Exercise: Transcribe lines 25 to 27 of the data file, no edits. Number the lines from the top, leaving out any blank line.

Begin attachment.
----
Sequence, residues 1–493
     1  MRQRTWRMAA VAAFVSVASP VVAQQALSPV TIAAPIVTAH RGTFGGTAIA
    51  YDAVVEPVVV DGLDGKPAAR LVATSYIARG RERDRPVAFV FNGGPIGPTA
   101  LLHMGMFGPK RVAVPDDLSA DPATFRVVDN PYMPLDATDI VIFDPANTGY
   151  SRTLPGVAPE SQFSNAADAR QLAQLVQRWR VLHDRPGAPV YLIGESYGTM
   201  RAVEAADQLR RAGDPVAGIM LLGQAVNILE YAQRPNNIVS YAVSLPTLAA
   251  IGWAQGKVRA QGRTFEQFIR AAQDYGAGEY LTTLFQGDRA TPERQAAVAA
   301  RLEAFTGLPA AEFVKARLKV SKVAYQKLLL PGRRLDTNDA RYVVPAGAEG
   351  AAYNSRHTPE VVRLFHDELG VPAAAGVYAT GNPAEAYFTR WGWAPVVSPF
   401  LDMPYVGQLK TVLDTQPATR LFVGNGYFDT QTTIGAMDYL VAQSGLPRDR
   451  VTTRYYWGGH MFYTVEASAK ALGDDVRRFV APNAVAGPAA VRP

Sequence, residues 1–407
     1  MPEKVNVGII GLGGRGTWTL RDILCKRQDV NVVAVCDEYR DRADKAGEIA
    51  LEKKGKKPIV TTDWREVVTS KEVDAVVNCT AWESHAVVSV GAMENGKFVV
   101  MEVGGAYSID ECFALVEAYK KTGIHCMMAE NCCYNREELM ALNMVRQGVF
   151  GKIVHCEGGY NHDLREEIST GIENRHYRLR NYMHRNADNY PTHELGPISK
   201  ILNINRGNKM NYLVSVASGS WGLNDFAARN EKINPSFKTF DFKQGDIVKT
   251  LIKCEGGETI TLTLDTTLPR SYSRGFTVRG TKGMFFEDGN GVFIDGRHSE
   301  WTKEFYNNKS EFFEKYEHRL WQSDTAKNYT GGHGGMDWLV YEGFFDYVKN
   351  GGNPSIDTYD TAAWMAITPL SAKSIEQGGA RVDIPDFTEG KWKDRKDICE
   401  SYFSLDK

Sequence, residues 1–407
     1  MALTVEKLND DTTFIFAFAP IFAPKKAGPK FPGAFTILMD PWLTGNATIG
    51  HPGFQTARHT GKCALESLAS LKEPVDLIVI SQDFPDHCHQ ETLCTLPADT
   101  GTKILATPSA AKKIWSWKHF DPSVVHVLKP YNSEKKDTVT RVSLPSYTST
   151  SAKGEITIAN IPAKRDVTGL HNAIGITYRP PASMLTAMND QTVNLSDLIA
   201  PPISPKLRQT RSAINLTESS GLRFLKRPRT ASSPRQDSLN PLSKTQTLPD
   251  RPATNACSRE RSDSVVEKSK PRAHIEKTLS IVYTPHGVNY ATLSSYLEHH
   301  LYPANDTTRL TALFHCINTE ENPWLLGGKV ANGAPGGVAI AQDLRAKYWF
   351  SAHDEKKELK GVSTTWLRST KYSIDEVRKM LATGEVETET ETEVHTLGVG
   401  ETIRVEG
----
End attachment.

   101  GTKILATPSA AKKIWSWKHF DPSVVHVLKP YNSEKKDTVT RVSLPSYTST
   151  SAKGEITIAN IPAKRDVTGL HNAIGITYRP PASMLTAMND QTVNLSDLIA
   201  PPISPKLRQT RSAINLTESS GLRFLKRPRT ASSPRQDSLN PLSKTQTLPD